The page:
Meet Patrick Lee, a musical loner who loves playing for a crowd

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Patrick Lee has taken a Jekyll and Hyde approach to music. He leads several musical lives that rarely intersect -- so much so that you could see him in one context and not recognize him in the next. There's Patrick Lee, the virtuoso piano/organ/keyboard player, who views live music as "improvisatory madness with friends" and leads a jazz trio bearing his name. Then there's Patrick Lee, the lone wolf composer with a penchant for futuristic, jazz-infused beats, who cherishes "tinkering [with music] more as a scientist."

See also: Backbeat's Tip Sheet archives

It's the latter version of Lee who just completed a new album, Limberlost, this month. Blending influences that range from Flying Lotus and Prefuse 73 to Mike Oldfield and Jon Brion, Lee has created music that is at once lush, cinematic and enthralling.

Over the past ten years or so, Lee has released dozens of projects that include original music, DJ mixes and meta-sourced hip-hop, wherein he takes samples from one of his live bands and repurposes them for solo projects. Along the way, he's licensed tunes to ESPN, Showtime, the Smithsonian and a handful of other notable outlets. The other side of his creative identity has spent that time wowing crowds across the front range and beyond with his dynamic live shows -- albeit performing different music than what you'd find on one of his albums.

We caught up with Lee recently for a chat about his start in music, his new album and whether or not his two musical facets will ever work together on a project.

Westword: What was your introduction to music? What got you playing?

Patrick Lee: I was drawn to it. When I was two, I wanted this Van Halen tape, 1984, right when Van Halen came out. I needed it. As early as two, it was the thing. I started piano lessons at seven, guitar lessons when I was twelve. It was always exactly what I had to be doing. As an only child, I had the time for it. I had hours to play and practice.

On something like Limberlost, how much is you playing versus you programming?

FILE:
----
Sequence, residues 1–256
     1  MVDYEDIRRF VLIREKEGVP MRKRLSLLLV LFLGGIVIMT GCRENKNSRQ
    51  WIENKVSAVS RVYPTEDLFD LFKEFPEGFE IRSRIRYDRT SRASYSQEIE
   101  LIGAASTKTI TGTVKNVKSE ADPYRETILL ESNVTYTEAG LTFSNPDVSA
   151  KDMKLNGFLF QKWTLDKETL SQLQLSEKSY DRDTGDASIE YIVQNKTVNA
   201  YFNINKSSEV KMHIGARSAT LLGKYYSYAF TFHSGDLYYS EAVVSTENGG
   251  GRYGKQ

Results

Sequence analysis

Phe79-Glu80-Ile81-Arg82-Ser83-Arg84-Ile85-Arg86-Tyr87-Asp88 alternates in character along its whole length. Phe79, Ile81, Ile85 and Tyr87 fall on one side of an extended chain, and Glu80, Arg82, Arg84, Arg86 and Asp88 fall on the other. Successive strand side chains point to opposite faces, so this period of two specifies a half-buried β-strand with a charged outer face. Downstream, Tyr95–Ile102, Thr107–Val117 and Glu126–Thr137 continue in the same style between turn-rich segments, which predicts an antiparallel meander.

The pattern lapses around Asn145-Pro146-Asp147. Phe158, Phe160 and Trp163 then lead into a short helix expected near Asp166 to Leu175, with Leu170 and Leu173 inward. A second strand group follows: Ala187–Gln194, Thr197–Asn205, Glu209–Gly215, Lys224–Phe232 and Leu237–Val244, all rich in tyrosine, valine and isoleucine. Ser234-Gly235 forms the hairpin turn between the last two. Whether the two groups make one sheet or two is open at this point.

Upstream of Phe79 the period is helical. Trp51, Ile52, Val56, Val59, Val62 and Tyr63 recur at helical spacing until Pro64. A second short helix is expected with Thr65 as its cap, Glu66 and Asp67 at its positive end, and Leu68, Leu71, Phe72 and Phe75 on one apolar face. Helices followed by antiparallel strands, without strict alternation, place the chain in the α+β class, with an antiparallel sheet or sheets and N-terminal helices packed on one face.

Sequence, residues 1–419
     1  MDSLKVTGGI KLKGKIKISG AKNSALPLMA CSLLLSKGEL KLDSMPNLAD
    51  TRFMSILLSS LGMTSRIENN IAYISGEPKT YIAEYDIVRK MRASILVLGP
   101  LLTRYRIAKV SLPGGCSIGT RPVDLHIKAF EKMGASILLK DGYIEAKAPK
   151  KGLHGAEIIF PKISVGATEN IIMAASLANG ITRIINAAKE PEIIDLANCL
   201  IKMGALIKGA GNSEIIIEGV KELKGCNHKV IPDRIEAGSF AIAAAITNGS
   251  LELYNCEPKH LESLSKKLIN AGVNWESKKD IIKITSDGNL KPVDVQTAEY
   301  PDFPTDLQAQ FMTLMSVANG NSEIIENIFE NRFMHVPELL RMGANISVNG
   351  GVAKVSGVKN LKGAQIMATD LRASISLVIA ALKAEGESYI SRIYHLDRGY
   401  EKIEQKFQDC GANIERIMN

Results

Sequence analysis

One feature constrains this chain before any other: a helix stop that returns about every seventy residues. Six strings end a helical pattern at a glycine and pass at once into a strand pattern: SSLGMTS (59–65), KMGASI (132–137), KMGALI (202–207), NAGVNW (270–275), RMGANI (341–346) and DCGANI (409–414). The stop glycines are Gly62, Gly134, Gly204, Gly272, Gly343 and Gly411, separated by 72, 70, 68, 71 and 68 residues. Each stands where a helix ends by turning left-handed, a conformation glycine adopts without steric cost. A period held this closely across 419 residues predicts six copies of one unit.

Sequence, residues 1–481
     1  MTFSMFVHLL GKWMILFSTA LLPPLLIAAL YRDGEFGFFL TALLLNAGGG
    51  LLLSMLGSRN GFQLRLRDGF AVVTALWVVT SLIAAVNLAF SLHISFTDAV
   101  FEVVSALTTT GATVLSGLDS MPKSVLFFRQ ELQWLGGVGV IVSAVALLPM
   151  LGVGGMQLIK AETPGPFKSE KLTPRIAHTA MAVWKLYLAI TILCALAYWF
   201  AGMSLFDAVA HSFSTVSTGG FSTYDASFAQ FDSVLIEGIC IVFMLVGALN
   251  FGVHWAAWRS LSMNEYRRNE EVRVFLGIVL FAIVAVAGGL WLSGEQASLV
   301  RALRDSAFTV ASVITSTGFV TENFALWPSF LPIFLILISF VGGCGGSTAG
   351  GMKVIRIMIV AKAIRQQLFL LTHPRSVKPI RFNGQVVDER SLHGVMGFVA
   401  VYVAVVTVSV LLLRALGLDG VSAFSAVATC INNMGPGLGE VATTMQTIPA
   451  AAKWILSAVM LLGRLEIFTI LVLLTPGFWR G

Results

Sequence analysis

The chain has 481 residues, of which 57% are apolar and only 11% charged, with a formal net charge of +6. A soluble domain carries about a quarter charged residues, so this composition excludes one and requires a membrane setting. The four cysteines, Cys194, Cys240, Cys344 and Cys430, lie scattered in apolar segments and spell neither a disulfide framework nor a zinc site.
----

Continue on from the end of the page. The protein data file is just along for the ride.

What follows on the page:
For Limberlost, I took out actual manuscript paper, and I wrote music for all the songs. I wrote three treble clef lines of music and two bass clef lines of music. When I would sit down in the studio, I would decide which instruments were going to take which lines. I might play a bass line and then add an acoustic guitar or some cheesy synths and a rhythm piano.

Once all those sounds are in the computer, I start the dicing and splicing -- that's really fun, when you take the music you originally wanted and rearrange it into things you never were planning. It's 50 percent performing into a microphone and then 50 percent tinkering more as a scientist.

Is the ability to tinker the biggest difference between a solo project like this and playing with the trio?

Yeah, because with the trio, we go out and it all happens right in that hour that you're hanging out with us. That's what you got. If you wish it went a different way, it's too late for that, but at home, you have unlimited hours. It's total experimentation. You can make a song five ways and see which one you like best.

Having had the experience of both playing live as a musician and then also working on the compositional stuff solo, is that having your cake and eating it to? Do you feel like you're happier keeping them separate, with one style live, and the other is for personal consumption?

Yeah. Live music is improvisatory madness with friends. The stuff I make feels more controlled, like paintings or something that take a lot of time and focus. They're crafted, instead of exploded out of you on stage. They're totally separate ways to get my kicks out. Then I make an album, but there's no live outlet. They've gotta shake hands more. We've got to them together.

Hypothetically speaking, say the opportunity came up to drop everything else and go into the studio and make an album -- what kind of album would you make? Would it sound more like Limberlost, or would it be something with a band?

I've always wondered about that. I got to record with some taiko drummers on this album and a harp player. It's really fun to take their recordings with no other instruments on them and use them. I imagine what would happen with a next step kind of album would be hanging out with great musicians and just having them play raw minutes upon minutes of their instrument. Then you could take that and go be alone.

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